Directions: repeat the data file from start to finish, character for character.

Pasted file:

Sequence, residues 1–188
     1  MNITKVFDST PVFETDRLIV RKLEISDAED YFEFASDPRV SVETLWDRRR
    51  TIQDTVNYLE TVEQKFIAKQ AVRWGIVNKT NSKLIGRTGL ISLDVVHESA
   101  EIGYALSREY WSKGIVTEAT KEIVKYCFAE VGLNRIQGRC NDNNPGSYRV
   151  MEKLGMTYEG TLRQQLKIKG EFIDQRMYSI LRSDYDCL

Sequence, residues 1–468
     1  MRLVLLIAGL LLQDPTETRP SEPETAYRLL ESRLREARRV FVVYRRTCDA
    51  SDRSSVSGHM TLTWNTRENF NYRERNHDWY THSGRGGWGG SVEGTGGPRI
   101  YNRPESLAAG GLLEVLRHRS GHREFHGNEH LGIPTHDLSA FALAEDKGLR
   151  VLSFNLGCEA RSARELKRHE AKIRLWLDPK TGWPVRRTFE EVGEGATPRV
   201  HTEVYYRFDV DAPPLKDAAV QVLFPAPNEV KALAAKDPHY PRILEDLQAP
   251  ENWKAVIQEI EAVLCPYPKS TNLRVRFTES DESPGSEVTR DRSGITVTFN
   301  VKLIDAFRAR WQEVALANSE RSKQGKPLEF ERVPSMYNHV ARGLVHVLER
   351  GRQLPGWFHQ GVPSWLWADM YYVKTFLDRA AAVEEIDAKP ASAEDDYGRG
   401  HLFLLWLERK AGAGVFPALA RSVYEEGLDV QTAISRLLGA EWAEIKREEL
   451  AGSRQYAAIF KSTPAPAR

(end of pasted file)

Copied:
Sequence, residues 1–188
     1  MNITKVFDST PVFETDRLIV RKLEISDAED YFEFASDPRV SVETLWDRRR
    51  TIQDTVNYLE TVEQKFIAKQ AVRWGIVNKT NSKLIGRTGL ISLDVVHESA
   101  EIGYALSREY WSKGIVTEAT KEIVKYCFAE VGLNRIQGRC NDNNPGSYRV
   151  MEKLGMTYEG TLRQQLKIKG EFIDQRMYSI LRSDYDCL

Sequence, residues 1–468
     1  MRLVLLIAGL LLQDPTETRP SEPETAYRLL ESRLREARRV FVVYRRTCDA
    51  SDRSSVSGHM TLTWNTRENF NYRERNHDWY THSGRGGWGG SVEGTGGPRI
   101  YNRPESLAAG GLLEVLRHRS GHREFHGNEH LGIPTHDLSA FALAEDKGLR
   151  VLSFNLGCEA RSARELKRHE AKIRLWLDPK TGWPVRRTFE EVGEGATPRV
   201  HTEVYYRFDV DAPPLKDAAV QVLFPAPNEV KALAAKDPHY PRILEDLQAP
   251  ENWKAVIQEI EAVLCPYPKS TNLRVRFTES DESPGSEVTR DRSGITVTFN
   301  VKLIDAFRAR WQEVALANSE RSKQGKPLEF ERVPSMYNHV ARGLVHVLER
   351  GRQLPGWFHQ GVPSWLWADM YYVKTFLDRA AAVEEIDAKP ASAEDDYGRG
   401  HLFLLWLERK AGAGVFPALA RSVYEEGLDV QTAISRLLGA EWAEIKREEL
   451  AGSRQYAAIF KSTPAPAR